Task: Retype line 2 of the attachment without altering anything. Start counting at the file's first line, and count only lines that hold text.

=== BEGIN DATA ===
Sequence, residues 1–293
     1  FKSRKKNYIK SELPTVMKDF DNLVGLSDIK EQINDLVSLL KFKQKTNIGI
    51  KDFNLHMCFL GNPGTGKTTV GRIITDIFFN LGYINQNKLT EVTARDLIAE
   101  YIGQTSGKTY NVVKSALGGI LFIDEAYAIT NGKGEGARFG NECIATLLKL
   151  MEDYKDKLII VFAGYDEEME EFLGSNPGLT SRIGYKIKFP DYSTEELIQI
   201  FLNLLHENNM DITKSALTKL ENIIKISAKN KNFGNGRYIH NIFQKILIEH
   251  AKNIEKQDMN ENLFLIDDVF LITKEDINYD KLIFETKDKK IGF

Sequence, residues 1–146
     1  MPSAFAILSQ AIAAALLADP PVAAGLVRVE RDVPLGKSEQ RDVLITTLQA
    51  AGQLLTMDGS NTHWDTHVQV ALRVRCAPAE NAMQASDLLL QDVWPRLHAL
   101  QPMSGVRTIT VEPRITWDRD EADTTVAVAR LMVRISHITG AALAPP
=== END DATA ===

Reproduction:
     1  FKSRKKNYIK SELPTVMKDF DNLVGLSDIK EQINDLVSLL KFKQKTNIGI